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How AT&T Is Maintaining Peace With Union Workers

October 7, 2016, 3:39 PM UTC
DirecTV Tops Profit Estimates as More Customers Sign Up
DirecTV service trucks sit parked outside a service facility in Rancho Dominguez, California, U.S., on Monday, May 5, 2014. DirecTV beat analysts' first-quarter profit estimates on higher bills for U.S. customers and more subscriber sign-ups than expected in Latin America. Photographer: Patrick T. Fallon/Bloomberg via Getty Images
Photograph by Patrick T. Fallon — Getty Images

AT&T continued its run of positive labor relations, reaching several tentative agreements with portions of its unionized workforce.

One agreement covers about 2,000 workers in its wired Internet business. A second set of agreements covers more than 2,000 field service workers in AT&T’s DirecTV unit. All of the deals were hammered out with the Communications Workers of America union and must still be ratified by the workers.

AT&T has had a long run of successfully negotiated deals with the CWA, even after union workers at Verizon went out on a seven week strike earlier this year and won improved pay and job security. In August, 40,000 workers in AT&T’s wireless business approved a four-year benefits contract, the first major telecom workers contract ratified since the Verizon (VZ) strike ended. The last major strike at AT&T occurred in 2012, though it lasted only two days.

The new tentative agreement with AT&T’s Internet workers ends a somewhat contentious negotiation. The workers voted in July to authorize a strike after the carrier proposed freezing wages for three years and increasing workers’ contributions for health care coverage. But AT&T eventually agreed to make concessions on wages.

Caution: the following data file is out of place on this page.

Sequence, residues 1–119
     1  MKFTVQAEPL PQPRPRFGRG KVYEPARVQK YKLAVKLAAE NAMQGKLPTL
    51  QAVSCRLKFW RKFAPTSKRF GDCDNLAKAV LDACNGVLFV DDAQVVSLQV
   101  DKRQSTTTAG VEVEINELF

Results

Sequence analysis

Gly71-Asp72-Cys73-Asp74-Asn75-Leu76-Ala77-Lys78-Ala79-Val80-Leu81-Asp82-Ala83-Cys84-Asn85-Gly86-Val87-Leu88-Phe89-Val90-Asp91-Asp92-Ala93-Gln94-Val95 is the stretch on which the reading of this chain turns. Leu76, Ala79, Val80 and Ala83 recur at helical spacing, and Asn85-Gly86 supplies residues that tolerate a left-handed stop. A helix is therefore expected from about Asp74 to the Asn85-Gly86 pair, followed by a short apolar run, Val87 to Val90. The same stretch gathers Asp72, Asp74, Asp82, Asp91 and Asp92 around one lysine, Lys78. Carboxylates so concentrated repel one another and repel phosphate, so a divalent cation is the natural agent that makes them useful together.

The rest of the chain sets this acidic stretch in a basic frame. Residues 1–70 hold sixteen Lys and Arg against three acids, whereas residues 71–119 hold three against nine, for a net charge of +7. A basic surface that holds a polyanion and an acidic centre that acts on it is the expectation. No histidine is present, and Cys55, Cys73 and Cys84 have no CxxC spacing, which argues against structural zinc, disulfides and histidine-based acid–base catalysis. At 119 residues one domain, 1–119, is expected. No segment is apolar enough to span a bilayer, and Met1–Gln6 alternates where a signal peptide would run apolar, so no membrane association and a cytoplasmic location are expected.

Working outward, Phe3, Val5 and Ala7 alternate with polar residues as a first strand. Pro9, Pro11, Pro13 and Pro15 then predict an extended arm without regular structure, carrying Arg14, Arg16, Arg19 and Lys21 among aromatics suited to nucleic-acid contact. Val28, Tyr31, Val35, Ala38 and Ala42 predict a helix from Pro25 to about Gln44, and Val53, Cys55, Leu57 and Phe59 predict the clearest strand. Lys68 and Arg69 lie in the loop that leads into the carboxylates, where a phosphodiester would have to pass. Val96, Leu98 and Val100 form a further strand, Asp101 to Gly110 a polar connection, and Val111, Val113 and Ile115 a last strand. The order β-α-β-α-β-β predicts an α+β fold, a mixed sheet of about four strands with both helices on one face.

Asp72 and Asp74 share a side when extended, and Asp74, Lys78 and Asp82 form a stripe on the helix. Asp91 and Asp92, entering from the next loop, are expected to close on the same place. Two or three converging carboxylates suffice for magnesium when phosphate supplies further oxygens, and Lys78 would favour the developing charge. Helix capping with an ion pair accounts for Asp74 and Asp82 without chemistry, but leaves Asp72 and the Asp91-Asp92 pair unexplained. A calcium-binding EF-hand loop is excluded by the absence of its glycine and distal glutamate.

The tentative deal includes general wage increases, with some of the largest gains for those at the bottom of the pay scale, the CWA said. The two lowest paid job titles, Internet Assistants and Customer Assistants, will get pay increases of $5,000 to $8,100 over the three year contract. Other workers will get a 7.7% raise over the three years.

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“Not only will this new contract provide significant wage increases, but it will also protect health care benefits and provide improvements in job security, scheduling, and other working conditions,” said Lisa Bolton, a CWA vice president, in a statement.

“Our objective in all of our labor negotiations is to reach fair agreements that will allow us to provide our employees with excellent union-represented careers, and that we feel these do that,” a spokesman for AT&T said. The carrier has reached 19 agreements since the start of 2015 with the CWA and International Brotherhood of Electrical Workers unions covering a total of 95,000 workers, he added.

The DirecTV deals cover about 200 employees in two states in the Midwest, about 1,050 in eight states in the Southeast, and about 900 in five states in the Southwest, according to AT&T (T). The workers joined AT&T as part of last year’s $49 billion acquisition of DirecTV.

The DirecTV workers will get wage increases every six months until they hit the top salary for their job title, the CWA said. The deal also includes health care coverage, disability, savings and pension benefits, and a grievance and arbitration process, the union said.